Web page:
Mad Trapper of Rat River

The Mad Trapper of Rat River eluded the Royal Canadian Mounted Police for forty-eight-days in the winter of 1931-32. It was called the “The Arctic Circle War”. It was the largest manhunt in Canadian history and when “they got their man” they didn’t know who he was. In fact, even today, no one knows his identity. Recently his body was exhumed for DNA, there is a Discovery Channel special about it. It’s a very interesting story. An examination of Johnson’s body yielded over $2,000 in both American and Canadian currency as well as some gold, a pocket compass, a razor, a knife, fish hooks, nails, a dead squirrel, a dead bird, a large quantity of Beecham’s Pills and teeth with gold fillings that were believed to be his. During the entire chase, the Mounties had never heard Johnson utter a single word.

It happened right here where this photo was shot. Imagine this landscape covered in ice and snow, up to 10 feet in some places. After Johnson’s death, RCMP officials realized that he had traveled over 85 miles away from his cabin in less than 3 days, burning approximately 10,000 kcal a day.



I really wanted to change lenses to my 300 f2.8 but was afraid to make too much noise. I had the 70-200mm f2.8 on so I sort of creeped up and got what I could. He was eating and as long as it wasn’t me I figured it was a win situation.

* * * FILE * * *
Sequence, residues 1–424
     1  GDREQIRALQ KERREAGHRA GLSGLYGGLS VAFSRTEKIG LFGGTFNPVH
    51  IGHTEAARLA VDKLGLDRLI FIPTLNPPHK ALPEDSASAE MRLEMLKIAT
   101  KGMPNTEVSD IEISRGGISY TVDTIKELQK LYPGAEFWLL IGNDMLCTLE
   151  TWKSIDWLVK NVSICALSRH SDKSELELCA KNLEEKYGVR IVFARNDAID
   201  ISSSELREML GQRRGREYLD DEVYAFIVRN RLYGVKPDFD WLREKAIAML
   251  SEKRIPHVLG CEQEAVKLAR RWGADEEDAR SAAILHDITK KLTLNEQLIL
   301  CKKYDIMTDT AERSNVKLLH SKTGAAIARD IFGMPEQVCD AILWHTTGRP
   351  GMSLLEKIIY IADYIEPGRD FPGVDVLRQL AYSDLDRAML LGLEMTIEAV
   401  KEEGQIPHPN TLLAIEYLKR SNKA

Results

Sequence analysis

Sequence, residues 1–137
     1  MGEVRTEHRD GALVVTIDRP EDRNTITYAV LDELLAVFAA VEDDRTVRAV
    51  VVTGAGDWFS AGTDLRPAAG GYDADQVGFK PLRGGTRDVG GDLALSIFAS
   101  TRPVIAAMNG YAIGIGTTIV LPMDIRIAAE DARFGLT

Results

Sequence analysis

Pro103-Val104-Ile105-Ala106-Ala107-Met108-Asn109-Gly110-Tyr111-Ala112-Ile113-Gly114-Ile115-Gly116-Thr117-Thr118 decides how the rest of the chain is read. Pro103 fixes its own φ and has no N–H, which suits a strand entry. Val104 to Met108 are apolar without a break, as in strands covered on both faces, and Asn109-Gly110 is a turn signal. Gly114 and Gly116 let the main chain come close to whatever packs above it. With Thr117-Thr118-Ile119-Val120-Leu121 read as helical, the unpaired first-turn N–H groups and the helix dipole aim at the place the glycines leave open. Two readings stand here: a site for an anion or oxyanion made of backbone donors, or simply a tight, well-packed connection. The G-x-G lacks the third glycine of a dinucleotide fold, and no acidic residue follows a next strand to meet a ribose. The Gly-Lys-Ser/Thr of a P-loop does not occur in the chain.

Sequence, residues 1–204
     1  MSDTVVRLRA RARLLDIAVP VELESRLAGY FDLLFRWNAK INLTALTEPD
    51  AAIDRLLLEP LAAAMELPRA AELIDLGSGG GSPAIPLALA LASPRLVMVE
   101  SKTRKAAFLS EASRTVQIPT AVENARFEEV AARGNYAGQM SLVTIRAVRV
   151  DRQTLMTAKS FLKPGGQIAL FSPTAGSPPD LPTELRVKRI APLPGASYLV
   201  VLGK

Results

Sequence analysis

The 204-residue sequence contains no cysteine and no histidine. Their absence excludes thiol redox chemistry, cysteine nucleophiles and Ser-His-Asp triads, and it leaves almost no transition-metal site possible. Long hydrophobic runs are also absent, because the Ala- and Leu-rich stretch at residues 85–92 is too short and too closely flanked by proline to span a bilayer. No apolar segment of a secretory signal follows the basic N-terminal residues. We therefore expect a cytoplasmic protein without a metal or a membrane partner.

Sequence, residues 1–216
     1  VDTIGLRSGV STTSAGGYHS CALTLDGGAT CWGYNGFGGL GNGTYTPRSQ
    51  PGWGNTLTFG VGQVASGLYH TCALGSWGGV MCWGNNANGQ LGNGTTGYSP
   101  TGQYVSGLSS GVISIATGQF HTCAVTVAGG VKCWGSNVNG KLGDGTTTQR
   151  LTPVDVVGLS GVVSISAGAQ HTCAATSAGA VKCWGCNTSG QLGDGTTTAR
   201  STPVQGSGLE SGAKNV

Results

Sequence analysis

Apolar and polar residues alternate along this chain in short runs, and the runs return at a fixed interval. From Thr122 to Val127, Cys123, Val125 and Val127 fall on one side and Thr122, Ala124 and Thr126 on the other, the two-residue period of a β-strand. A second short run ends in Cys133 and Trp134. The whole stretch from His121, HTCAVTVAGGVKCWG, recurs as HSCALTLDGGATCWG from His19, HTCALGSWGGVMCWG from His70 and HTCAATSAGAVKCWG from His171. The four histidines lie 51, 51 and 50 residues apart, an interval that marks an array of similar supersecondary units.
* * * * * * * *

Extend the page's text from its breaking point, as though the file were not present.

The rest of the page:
Washing off the Dempster

After driving the Dempster Highway, 1000 mile dirt road, you have to wash your car right away. They use some sort of caking agent on the road to keep the dust down. The problem with that is when it rains that stuff mixed with mud forms a concrete on your car and if you don’t wash it off it will dry and pull the paint off. There is only one car wash, well not really a car wash, just a pressure hose in Dawson City. A short video of washing the Dempster off of the Jeep.

Alaskan Highway

I first drove the Alaskan Highway in 1986. Back then it wasn’t as well developed as it is today. If you think about about it, the road was barely 40 years old back then with many gravel sections. Today it is pretty well maintained which takes some of the “adventure” out of it. That’s not to say don’t do it. Always go do it, never sit still. There are other roads up there with plenty of adventure on them. With that said they are going fast. Oil fracking, hunting and fishing lodges, timber exploration are all taking their toll on adventure. Do it now, before they pave paradise.